The green Bradley GT II I showed you the other day showed excessive front overhang. Actually, that car was odd, because it was not a stock Bradley GT II, as the front end was longer and different, and the A pillar was fatter. maybe a Bradley GT II clone?
Well, here’s another green sports car coupe, shot by Ralf K. And its proportions couldn’t be more different. Unfortunately, the coupe version of this Intermeccanica Italia, especially in profile, does not do justice to the basic design, especially the Spyder version.
See what I mean? Sexy.
The Intermeccanica story is a rather convoluted one, like so many cottage-industry sports cars.
Founded in Turin, Italy in 1959 by Frank Reisner, the company initially built some tuning kits and a small Formula Junior racer. In 1962, his company got involved with the Apollo GT, the dream of a young Californian engineer, Milt Brown. It featured the new Buick aluminum 215 V8 engine (later the 300 cu.in. cast iron version), and was an ambitious attempt to compete with the Italian exotics. Intermeccanica built the bodies in Turin, and then shipped them to Apollo in Oakland, CA. for final assembly.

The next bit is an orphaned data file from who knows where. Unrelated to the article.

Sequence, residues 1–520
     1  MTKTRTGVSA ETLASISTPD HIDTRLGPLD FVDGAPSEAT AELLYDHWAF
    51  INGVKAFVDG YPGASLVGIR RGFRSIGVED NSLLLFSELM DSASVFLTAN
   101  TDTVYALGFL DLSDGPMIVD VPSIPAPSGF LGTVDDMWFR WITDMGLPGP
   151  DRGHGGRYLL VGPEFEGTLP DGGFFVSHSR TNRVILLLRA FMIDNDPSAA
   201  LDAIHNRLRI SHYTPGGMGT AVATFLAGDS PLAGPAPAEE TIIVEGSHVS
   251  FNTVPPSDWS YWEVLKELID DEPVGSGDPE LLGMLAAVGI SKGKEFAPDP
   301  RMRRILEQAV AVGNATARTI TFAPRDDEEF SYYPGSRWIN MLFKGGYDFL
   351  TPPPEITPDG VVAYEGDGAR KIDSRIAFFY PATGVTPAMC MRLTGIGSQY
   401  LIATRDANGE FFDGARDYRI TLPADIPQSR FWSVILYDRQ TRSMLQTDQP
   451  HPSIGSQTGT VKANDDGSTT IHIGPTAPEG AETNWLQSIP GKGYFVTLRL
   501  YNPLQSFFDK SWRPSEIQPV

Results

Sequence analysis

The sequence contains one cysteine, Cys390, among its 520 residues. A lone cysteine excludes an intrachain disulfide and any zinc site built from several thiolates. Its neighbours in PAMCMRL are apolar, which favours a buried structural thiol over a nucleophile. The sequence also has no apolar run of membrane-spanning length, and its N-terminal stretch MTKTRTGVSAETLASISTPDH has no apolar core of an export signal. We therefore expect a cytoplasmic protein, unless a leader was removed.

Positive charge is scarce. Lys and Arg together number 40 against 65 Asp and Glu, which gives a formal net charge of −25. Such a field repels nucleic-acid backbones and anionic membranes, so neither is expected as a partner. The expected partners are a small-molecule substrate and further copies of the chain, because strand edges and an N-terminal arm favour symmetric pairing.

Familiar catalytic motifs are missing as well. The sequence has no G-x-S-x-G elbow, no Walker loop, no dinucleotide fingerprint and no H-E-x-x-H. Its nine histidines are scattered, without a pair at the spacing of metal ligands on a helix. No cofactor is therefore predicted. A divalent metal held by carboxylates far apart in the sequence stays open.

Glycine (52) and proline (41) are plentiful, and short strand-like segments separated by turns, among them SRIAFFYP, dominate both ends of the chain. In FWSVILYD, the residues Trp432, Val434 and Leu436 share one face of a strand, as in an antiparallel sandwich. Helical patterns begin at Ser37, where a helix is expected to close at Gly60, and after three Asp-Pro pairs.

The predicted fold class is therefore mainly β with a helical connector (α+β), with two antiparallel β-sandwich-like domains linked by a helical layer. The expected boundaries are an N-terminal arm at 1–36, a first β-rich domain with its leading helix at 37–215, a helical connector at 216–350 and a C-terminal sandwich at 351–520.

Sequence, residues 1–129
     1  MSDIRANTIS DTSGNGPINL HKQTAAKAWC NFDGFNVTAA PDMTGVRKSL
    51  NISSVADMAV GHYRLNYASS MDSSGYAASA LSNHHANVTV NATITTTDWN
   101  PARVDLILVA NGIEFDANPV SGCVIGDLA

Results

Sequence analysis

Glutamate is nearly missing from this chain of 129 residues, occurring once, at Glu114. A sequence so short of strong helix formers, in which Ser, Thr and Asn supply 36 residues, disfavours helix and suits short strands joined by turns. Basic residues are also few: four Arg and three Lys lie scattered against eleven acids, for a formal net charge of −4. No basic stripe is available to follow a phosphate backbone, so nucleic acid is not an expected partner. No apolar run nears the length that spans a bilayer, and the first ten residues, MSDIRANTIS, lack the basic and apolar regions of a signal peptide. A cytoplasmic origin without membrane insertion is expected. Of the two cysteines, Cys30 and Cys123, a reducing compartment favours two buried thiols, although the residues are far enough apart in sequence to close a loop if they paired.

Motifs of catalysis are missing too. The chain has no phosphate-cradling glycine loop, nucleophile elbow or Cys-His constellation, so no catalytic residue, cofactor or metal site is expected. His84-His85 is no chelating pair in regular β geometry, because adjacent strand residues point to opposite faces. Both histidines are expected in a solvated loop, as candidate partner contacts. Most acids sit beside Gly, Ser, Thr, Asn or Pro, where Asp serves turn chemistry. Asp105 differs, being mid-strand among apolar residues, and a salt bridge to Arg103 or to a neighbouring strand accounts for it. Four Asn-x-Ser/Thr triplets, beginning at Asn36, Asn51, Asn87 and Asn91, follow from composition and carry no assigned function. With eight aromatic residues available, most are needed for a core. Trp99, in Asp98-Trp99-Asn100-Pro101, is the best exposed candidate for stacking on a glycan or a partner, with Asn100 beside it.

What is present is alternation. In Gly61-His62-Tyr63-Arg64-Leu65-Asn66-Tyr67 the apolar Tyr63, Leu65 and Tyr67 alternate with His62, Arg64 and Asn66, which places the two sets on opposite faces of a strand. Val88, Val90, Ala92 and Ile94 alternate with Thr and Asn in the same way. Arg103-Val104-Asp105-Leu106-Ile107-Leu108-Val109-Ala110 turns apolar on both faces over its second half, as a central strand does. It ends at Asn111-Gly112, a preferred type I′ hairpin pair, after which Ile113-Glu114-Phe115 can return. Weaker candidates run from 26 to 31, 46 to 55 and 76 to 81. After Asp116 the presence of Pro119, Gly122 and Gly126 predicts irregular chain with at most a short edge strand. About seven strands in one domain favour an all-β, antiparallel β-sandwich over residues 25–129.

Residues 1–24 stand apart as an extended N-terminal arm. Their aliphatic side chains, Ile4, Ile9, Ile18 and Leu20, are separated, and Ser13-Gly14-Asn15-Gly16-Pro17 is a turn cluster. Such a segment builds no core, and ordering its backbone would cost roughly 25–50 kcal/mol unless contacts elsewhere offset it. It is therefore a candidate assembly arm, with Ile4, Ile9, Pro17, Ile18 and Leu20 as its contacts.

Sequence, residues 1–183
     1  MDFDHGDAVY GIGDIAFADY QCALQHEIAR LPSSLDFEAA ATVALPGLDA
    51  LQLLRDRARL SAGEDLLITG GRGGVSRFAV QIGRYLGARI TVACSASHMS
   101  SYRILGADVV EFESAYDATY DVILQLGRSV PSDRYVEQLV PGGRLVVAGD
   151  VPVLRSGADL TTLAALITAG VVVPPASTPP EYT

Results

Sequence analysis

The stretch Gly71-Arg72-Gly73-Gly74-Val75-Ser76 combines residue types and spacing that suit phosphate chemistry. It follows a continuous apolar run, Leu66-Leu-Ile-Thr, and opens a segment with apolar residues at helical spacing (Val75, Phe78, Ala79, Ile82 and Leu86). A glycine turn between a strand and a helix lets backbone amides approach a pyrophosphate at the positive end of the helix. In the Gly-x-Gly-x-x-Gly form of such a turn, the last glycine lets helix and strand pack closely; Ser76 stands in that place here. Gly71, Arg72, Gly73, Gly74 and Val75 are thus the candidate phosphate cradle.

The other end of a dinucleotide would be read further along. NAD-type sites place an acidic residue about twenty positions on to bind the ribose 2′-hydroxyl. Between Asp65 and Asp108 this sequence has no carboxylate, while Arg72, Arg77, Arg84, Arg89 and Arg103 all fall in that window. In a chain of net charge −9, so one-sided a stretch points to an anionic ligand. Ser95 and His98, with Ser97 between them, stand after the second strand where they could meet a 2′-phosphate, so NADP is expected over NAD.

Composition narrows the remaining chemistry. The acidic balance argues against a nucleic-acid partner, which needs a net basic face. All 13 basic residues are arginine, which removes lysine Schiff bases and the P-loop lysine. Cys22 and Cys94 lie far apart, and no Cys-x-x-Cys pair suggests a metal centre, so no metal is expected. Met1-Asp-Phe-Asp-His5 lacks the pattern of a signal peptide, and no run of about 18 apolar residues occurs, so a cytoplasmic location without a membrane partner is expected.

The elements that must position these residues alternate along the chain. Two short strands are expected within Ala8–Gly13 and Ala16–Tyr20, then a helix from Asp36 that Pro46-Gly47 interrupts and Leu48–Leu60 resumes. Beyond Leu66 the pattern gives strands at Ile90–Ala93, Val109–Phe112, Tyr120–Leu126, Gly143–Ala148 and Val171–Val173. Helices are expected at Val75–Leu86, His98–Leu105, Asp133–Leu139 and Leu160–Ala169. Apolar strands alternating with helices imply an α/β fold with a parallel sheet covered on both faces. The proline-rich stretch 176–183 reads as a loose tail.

The Apollo was not a success, and a series of three subsequent owners failed to make it so under a variety of names.
Intermeccanica realized that the only hope lay in building the whole car (new restyled by Robert Cumberford) in Italy, using Ford running gear. Initially it was called Omega, then the Intermeccanica Italia, undoubtedly to play up on its origins. Some 500 of these were sold up until 1970.
Intermeccanica continued to be involved in other small-volume sports car project like the Indra, using Opel components and a Chevy 350. But when Opel got involved with Eric Bitter, and put pressure on its dealers to drop the Indra, that was the end of that.
Intermeccanica moved to the US in the 1970s, and became a kit-car builder, most notably for their Porsche Speedster model. And they’re still at it today.